Does your co-op look like your community? 

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We know cooperatives are forces for good in the communities we serve. Beyond providing power, food, credit, housing, and support for workers, small businesses, farmers and many more types of industries co-ops create broader programs. Things like Operation Round-Up which allows electric co-ops to pool together donations from their members to serve their community. Or the Howard Bowers fund that supports people at food co-ops get the training they need or the dozens of credit union foundations supporting financial literacy. The regional development work that has a direct and lasting impact on the well-being of our members.

But as I think of these kinds of initiatives, I find myself taking it a step further. Though co-ops are often the catalyst, the reason such programs are successful is because they are aligned with the values and ideals of our communities. By the actions they take, co-ops are in many ways reflections of their memberships.

If this is true, then I think we need to ask ourselves, how closely do we, in fact, reflect our members? Tomorrow, as you’re going through your day, ask yourself, “Do the faces I see in the halls, offices and board room of this building look like the ones I see outside it?” 

This obviously means different things for different communities, and there’s no “right” number or percentage. But asking the question provides a useful perspective and food for thought.

I’ve come across many studies which clearly show that companies who proactively emphasize diversity and inclusion in their workforce tend to be stronger, more adaptable, and more resilient. Having a broader array of ideas and perspectives at an organization gives an undeniable advantage, particularly when facing times of change.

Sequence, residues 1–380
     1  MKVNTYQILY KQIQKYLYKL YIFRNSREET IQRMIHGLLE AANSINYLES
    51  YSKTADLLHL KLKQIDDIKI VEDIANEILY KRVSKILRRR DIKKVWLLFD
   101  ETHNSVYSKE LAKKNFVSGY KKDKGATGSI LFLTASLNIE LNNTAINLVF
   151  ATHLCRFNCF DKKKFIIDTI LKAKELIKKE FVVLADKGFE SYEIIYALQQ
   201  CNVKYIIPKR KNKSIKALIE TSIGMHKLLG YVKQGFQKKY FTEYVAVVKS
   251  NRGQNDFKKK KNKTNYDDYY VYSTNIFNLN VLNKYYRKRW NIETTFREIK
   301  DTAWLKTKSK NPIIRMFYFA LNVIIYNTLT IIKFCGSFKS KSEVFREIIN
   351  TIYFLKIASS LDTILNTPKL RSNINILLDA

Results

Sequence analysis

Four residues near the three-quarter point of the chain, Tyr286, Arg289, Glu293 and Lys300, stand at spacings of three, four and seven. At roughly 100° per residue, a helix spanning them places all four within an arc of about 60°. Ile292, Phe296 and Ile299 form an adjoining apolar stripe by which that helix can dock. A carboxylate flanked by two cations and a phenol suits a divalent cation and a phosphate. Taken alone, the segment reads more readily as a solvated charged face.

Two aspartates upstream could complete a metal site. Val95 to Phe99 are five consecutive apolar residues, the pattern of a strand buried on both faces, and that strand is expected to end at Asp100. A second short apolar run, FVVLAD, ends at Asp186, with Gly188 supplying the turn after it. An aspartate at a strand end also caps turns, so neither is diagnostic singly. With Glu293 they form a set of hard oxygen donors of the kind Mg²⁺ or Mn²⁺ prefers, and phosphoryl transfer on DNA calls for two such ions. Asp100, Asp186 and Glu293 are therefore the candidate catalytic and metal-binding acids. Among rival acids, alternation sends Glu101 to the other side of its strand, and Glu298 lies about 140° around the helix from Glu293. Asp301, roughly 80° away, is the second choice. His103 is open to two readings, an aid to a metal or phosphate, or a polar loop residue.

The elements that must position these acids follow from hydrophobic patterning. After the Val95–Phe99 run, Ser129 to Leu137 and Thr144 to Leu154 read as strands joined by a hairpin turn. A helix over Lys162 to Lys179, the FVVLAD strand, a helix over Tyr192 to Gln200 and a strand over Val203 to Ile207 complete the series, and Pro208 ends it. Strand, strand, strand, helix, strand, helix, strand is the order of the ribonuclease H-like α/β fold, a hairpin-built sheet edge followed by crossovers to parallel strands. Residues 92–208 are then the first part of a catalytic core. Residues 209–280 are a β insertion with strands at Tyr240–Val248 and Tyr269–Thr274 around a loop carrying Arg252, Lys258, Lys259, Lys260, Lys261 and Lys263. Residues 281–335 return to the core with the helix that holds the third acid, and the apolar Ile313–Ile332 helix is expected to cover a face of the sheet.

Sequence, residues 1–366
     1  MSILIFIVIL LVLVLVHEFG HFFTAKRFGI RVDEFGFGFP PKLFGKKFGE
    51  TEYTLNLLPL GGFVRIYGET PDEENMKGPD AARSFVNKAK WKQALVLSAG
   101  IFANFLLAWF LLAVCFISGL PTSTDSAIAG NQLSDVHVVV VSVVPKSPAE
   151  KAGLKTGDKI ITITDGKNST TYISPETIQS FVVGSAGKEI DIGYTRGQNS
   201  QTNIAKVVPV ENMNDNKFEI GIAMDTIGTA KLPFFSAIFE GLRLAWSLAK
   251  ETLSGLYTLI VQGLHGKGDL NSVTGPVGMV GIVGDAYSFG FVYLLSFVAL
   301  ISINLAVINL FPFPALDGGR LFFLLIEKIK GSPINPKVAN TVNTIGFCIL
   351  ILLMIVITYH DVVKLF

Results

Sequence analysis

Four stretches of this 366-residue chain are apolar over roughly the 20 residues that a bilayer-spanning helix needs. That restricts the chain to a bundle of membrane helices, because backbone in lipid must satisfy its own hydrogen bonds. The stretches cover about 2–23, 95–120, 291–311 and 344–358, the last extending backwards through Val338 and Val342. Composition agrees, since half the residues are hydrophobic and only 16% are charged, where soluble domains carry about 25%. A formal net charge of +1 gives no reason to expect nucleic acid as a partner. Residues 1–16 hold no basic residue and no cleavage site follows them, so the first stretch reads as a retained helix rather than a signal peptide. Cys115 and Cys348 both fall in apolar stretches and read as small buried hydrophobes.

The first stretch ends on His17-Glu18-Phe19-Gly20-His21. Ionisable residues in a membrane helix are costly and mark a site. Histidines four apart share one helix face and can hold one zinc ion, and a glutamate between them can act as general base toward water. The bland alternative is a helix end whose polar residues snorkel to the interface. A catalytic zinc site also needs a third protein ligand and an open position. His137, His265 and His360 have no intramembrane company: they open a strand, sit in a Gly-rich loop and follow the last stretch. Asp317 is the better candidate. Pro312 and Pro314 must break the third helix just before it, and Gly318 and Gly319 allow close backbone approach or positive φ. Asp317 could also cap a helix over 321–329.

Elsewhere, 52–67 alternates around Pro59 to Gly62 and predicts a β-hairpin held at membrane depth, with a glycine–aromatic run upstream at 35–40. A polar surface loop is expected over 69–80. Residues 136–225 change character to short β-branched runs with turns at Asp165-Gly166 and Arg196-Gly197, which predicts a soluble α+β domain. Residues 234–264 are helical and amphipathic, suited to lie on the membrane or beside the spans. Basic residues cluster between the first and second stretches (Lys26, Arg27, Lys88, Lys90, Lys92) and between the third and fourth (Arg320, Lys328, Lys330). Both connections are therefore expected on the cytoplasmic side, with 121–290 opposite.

I’ve most definitely seen this in my own experiences with the cooperatives I’ve visited over the years. The co-ops that strike me as the healthiest and most forward-looking are the ones that, among other things, actively seek diversity in gender, age, culture, religion, and race in their hiring.

Sessions that I’ve hosted at conferences for co-op CEOs and directors have been very heartening for me. The participants in these discussions have not only openly and honestly talked about where their co-ops are on this issue, but how they as individuals are confronting a subject that can be very uncomfortable to address.

We all carry certain unconscious biases. This a natural condition and is based on our brain’s need to simplify the huge amounts of information it processes daily. 

So, What Can We Do?

So how do we open our eyes to these tendencies and transcend them?

As with many issues, I find that seeking an outside perspective is often most effective.

Diversity workshops and training for co-op leaders are a great start.

Hiring a consultant to assess your co-op could be useful.

I’ve been working with a tool lately called an Intercultural Development Inventory, which measures cultural awareness of individuals or organizations. It’s a very eye-opening exercise, and I recommend it.

As with any internal initiative, it’s important to assess your current situation, set goals, and establish benchmarks.

It’s not easy. I’ve been on my own journey for several years assessing my biases and assumptions, and I can tell you, there are truths that are hard to face. But it’s worth it.

The changes we’re confronting in our society and in the industries we serve will require the absolute best your communities have to offer. Folks from the widest variety of backgrounds are and will be your future members, and some will even be your employees or supervisor.

Is your co-op ready to welcome these new faces?

It’s a question that’s worth reflecting on.


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